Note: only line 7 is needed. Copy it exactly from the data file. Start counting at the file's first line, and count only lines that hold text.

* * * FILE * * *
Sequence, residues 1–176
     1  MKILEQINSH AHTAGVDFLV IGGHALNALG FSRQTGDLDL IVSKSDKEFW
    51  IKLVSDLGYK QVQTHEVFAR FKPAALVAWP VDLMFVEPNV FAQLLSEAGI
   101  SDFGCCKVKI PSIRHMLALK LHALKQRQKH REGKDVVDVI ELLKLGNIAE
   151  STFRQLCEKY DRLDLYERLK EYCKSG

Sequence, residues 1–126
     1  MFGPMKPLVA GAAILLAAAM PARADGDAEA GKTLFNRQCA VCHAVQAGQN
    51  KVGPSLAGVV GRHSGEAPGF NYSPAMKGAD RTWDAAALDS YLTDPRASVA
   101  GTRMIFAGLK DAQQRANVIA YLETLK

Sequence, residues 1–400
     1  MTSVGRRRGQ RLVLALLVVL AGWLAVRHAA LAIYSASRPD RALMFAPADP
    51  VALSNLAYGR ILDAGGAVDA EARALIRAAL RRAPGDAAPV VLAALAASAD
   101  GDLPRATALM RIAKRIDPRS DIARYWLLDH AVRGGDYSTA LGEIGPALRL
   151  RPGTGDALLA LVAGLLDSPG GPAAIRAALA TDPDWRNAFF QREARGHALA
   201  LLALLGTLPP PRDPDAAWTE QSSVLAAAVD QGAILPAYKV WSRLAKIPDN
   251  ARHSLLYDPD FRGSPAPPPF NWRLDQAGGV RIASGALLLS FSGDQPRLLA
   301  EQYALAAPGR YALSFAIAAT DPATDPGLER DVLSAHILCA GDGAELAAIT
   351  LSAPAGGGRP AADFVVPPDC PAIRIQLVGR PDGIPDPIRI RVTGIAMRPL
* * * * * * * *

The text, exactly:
     1  MFGPMKPLVA GAAILLAAAM PARADGDAEA GKTLFNRQCA VCHAVQAGQN